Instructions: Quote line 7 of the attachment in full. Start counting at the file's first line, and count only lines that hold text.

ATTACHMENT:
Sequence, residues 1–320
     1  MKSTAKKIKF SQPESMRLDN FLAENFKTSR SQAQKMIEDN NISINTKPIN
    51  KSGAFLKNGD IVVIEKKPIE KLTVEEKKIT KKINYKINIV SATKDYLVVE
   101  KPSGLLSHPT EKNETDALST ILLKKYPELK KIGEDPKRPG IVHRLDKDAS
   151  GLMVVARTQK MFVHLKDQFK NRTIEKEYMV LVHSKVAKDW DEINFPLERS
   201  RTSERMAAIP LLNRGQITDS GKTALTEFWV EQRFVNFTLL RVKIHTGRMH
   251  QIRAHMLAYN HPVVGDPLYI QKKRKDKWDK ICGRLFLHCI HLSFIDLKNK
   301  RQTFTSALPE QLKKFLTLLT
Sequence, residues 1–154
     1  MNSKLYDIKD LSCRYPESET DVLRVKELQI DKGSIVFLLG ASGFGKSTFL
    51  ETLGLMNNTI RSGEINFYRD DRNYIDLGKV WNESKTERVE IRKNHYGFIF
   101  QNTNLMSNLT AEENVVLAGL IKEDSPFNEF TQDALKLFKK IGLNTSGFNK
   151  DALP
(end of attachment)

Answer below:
   251  QIRAHMLAYN HPVVGDPLYI QKKRKDKWDK ICGRLFLHCI HLSFIDLKNK